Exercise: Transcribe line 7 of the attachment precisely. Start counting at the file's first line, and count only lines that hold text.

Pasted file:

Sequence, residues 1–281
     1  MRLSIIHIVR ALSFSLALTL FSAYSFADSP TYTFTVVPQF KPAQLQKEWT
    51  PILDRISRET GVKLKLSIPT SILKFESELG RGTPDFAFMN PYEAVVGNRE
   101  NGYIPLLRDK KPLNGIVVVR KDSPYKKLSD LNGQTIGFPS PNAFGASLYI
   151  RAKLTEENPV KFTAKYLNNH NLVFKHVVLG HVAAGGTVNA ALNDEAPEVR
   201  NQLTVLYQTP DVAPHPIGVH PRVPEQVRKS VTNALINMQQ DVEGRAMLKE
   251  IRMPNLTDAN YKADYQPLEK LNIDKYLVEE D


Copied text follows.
   251  IRMPNLTDAN YKADYQPLEK LNIDKYLVEE D